Ethiopia is a place of wonder and enchantment; a country with one of the richest histories in Africa, a land of contrast and surprises, of remote and wild places, home to cultured and friendly peoples who are descended from some of the world's oldest civilisations.
Following the historic northern circuit, I began on the shores of Lake Tana (the source of the Blue Nile) with a boat trip to the Zega Peninsula to visit the circular monastery of Ura Kidane Mihret, built in the 14th Century with nothing more than mud and grass.
Every inch of the walls was covered with biblical paintings - being able to see and even touch ancient goatskin parchment was a stand out experience. The next stop on the historic route was the city of Gondar, founded by Emperor Fasilidas in 1635. Known as the 'Camelot of Africa, the city is famous for its medieval castles as well as for the design and decoration of its churches. I was most taken by the Emperor's 'bathing palace', now used for the annual Timket or Epiphany celebrations in January.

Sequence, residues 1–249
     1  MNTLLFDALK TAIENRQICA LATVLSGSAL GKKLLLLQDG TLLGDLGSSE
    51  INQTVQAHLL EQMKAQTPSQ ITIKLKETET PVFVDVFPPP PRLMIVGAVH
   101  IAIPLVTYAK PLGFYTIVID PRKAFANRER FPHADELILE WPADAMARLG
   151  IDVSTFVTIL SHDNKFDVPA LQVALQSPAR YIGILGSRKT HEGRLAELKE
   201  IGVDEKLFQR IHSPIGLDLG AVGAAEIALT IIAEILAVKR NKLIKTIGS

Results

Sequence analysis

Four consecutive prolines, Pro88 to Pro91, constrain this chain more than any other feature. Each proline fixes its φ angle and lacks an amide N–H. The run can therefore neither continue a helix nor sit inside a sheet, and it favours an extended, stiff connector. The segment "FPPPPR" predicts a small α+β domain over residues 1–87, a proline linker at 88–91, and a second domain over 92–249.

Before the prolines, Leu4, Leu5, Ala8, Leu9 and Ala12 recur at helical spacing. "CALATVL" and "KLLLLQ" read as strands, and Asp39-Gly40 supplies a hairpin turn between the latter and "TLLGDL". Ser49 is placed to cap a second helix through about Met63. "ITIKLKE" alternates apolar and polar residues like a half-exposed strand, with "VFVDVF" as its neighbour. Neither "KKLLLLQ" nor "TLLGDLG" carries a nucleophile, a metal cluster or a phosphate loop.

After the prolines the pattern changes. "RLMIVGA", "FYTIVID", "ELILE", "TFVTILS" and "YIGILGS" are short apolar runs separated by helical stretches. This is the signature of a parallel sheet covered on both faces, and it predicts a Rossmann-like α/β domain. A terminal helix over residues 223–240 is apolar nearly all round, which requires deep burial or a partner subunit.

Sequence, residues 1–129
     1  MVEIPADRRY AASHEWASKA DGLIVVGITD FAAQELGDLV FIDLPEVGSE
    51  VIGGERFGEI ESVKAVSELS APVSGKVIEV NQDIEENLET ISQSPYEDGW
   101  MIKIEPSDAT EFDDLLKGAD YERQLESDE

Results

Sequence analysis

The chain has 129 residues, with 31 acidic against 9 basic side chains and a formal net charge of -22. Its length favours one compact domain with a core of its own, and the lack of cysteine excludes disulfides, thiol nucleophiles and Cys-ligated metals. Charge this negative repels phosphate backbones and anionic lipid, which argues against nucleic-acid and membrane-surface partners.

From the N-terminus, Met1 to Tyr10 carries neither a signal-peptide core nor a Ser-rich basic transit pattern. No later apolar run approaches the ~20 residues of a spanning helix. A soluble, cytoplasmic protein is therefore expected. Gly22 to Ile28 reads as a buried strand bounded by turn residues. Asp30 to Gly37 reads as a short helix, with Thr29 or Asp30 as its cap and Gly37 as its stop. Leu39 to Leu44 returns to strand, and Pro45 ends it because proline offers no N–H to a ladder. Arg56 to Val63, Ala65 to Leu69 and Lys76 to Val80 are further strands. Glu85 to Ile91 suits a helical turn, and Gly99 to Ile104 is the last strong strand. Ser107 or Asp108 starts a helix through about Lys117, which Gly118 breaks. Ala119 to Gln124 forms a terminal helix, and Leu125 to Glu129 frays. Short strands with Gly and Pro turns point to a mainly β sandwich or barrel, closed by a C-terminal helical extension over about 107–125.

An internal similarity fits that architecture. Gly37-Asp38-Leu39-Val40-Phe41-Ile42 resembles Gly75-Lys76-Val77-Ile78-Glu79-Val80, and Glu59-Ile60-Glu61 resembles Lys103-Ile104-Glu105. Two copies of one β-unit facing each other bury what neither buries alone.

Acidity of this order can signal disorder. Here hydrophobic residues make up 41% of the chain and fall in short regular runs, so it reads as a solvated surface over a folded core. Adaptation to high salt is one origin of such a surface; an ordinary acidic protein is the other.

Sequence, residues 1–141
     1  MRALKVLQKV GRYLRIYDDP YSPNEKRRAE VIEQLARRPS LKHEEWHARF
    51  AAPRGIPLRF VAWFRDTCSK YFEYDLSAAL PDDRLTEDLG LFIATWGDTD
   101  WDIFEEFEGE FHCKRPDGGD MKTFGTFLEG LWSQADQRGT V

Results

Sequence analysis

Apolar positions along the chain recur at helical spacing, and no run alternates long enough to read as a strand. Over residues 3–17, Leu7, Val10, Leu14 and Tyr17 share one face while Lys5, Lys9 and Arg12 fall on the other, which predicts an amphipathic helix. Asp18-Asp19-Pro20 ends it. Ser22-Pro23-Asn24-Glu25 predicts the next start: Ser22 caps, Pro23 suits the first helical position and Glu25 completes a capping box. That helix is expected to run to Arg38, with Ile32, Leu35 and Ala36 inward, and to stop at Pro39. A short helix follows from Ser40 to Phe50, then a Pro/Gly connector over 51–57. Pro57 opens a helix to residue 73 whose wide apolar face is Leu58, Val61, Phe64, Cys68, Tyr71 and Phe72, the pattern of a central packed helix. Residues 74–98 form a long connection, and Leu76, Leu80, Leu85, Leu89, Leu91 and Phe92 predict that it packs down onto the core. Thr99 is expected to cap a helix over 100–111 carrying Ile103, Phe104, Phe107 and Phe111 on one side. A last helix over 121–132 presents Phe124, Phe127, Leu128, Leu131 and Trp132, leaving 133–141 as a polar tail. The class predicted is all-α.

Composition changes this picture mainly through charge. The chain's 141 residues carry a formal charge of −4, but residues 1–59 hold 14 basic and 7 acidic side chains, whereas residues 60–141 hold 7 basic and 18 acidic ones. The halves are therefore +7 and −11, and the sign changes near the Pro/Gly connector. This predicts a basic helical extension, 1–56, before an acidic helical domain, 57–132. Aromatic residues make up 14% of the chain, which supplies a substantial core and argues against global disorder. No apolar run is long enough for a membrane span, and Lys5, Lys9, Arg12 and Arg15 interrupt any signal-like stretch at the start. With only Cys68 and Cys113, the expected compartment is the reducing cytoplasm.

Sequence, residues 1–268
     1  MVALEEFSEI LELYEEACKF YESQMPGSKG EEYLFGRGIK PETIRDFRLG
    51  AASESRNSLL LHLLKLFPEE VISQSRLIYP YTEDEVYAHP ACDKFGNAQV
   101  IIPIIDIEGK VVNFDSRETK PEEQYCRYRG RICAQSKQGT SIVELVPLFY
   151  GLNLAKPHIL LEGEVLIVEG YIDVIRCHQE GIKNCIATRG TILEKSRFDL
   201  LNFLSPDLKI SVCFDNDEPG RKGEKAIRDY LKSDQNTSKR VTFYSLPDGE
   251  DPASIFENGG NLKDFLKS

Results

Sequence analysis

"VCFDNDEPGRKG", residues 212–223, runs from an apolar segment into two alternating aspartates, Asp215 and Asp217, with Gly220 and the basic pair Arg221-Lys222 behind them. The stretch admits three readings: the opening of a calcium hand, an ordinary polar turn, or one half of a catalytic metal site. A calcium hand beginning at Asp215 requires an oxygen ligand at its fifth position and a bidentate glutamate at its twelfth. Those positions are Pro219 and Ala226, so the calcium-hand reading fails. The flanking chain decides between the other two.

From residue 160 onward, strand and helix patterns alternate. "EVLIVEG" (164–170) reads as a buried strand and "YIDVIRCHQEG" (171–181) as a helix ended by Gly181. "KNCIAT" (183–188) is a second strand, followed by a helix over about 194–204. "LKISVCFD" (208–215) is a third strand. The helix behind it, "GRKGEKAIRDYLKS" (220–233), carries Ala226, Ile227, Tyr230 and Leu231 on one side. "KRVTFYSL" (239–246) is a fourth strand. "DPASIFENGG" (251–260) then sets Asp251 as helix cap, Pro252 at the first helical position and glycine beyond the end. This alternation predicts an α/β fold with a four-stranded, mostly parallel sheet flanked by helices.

A long, gruelling but stunning road journey then took me north to Axum, birthplace of Christianity in Ethiopia and fabled home to the Queen of Sheba, before flying down to Lalibela to explore it's world-renowned 10th Century rock hewn churches.
A real bonus here was waking at dawn to be met by a sturdy mule for the ride up to the hidden monastery of Asheton Maryam, perched at 10,000 feet above the town. You enter the monastery via a cave in the cliff, and to hear the echo of monks's chants reverberating through the cave was a resonant and very moving moment.
Other highlights included meeting the endemic Gelada baboons of the Simiens - find time if you can for a short trek through this awesome and vertiginous world - and a rare glimpse of the Ethiopian Wolf in the pristine wilderness of the Bale mountains.
Ethiopia's history and culture may set it apart from other African countries, but its scenery and ever changing landscapes are equally outstanding!